HMRC’s new legislation on temporary workers went live on 6th April 2014, bringing with it significant implications for recruitment agencies and the employment supply chain more generally.

From that date, payment for all temporary workers, including those who were previously classified as self-employed sub-contractors, must be payrolled if the workers concerned personally carry out work or are involved in the provision of services and there is supervision, direction and control. That means they must have employee NICs (at 12 and 2 per cent) and tax deducted at source.

The employment agency also became liable for employer NICs (at 13.8 per cent) as of 6th April. Effectively, any tax liability that has not been deducted at source, through PAYE, is now the personal debt of the recruitment company.

Employment intermediaries: Umbrella Companies

 HMRC now requires recruiters to demonstrate why they have engaged workers who are not on a PAYE payroll, although recruiters who choose to engage workers through Umbrella Companies will not be required to consider the issues of control, direction and supervision. However, the issues of liability and responsibility will not be sufficiently addressed if a recruiter simply states that they have engaged a worker through his or her own Personal Service Company (PSC) or an Umbrella Company. It is vital for recruiters to be clear that Umbrella Companies simply aren’t all the same: to be safe, they will need to know that five key conditions are met:

A: That the Umbrella Company concerned is based in the UK (if so, it will be compliant with UK tax requirements and far less of a risk than offshore alternatives).

B: That all of the workers it supplies are employed, with full employment status and employment rights.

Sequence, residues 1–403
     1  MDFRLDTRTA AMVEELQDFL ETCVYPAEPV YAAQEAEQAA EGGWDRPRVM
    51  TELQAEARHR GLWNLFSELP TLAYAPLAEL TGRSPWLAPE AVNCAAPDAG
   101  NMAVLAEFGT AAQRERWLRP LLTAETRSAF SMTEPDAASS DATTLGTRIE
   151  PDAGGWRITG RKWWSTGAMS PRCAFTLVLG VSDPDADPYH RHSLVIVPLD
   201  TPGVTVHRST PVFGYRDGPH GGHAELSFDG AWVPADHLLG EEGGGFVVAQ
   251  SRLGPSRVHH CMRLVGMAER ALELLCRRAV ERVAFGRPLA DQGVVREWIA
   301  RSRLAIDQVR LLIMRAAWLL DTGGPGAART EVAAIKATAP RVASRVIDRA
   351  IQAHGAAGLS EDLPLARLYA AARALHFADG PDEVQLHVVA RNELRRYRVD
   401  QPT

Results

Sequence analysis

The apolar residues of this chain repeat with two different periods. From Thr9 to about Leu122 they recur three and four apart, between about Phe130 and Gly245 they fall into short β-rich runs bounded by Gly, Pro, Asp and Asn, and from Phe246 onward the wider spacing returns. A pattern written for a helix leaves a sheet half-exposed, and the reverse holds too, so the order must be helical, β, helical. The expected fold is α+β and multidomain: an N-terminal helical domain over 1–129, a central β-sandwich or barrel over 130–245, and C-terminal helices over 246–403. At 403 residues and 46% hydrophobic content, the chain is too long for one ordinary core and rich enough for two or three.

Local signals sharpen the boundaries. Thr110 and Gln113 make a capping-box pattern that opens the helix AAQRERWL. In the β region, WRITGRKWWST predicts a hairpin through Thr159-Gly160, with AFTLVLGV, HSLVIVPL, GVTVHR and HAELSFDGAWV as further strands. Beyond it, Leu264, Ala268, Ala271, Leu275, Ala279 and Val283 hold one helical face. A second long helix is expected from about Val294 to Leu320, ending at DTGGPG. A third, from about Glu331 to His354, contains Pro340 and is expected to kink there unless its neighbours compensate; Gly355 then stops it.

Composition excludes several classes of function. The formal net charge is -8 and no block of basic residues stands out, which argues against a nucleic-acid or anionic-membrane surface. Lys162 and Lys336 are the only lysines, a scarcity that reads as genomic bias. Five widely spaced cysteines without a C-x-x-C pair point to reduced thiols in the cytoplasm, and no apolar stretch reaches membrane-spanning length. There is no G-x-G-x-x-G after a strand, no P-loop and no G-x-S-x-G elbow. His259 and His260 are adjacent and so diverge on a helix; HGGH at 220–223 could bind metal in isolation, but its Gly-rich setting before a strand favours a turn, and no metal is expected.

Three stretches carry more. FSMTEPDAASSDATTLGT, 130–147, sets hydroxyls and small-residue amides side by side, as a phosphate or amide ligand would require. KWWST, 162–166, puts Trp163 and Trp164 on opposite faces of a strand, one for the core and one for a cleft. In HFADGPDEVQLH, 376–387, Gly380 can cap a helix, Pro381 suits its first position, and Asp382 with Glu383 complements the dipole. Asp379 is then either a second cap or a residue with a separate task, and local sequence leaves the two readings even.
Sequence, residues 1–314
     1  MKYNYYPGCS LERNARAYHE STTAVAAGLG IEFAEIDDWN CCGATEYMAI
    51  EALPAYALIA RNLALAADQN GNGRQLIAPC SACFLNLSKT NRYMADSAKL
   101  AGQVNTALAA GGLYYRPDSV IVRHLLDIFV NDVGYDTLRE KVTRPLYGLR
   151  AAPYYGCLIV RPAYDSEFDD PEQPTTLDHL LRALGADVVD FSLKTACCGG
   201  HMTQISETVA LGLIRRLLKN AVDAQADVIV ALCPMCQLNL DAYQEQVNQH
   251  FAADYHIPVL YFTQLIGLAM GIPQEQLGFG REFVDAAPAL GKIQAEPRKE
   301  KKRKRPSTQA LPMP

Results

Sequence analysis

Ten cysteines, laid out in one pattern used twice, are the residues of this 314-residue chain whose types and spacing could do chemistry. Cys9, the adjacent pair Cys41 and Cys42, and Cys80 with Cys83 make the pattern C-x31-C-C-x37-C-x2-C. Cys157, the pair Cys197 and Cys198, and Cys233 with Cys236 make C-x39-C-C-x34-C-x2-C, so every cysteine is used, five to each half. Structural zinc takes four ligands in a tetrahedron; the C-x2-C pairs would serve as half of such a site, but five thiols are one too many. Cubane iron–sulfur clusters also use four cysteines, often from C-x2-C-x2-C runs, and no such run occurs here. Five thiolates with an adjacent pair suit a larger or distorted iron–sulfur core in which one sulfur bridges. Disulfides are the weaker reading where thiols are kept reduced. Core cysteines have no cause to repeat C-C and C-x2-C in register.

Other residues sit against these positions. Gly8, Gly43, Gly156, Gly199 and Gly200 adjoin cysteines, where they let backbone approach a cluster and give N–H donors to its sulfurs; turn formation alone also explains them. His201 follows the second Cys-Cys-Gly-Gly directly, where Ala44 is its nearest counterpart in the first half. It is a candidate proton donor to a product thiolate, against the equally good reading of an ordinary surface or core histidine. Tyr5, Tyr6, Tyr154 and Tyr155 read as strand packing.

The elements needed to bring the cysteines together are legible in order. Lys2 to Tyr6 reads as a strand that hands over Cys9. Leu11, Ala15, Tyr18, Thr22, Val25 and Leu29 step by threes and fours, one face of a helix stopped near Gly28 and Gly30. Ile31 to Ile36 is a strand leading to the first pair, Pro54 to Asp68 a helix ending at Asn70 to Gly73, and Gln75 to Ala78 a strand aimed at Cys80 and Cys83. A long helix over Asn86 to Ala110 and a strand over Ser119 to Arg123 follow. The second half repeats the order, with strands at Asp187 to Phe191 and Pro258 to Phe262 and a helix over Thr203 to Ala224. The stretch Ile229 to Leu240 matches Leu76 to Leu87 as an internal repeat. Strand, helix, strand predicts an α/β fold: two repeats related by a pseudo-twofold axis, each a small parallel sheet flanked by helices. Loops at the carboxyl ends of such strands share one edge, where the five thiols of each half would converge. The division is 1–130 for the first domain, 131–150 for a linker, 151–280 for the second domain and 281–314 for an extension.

C: That the Umbrella Company concerned does not provide its workers with alternative models for payment, such as self-employment (this will open the agency up to liability for tax and NICs).

D: That the Umbrella Company is a pure PAYE Umbrella Service.

In short, recruiters must thoroughly understand – and thoroughly trust – their supply chain if they wish to avoid liability for unpaid tax.

Personal service companies

The key questions recruiters need to ask when engaging workers via PSCs are as follows:

A: Are they confident that the PSC concerned is making accurate and timely RTI submissions?

B: Can they provide evidence to HMRC that the worker is legitimately working via a limited company and is in business of their own volition?

C: Unless agencies have robust evidence of both of these conditions, they will be no less at risk of incurring tax liabilities than if the workers concerned were self-employed.

There is now a new onus on recruitment agencies to:

A: Familiarise themselves with their Service Providers sufficiently to have full trust in them.

B: Cultivate relationships of transparency with Service Providers so that evidence of compliance is fully demonstrable to HMRC.

C: Consider shortening preferred or approved supplier lists to ensure only the fully compliant are included.

D: Know their supply chain in depth.

Provided these conditions are met and are fully demonstrable to HMRC if the need arises, recruiters can protect themselves from unwelcome liabilities.

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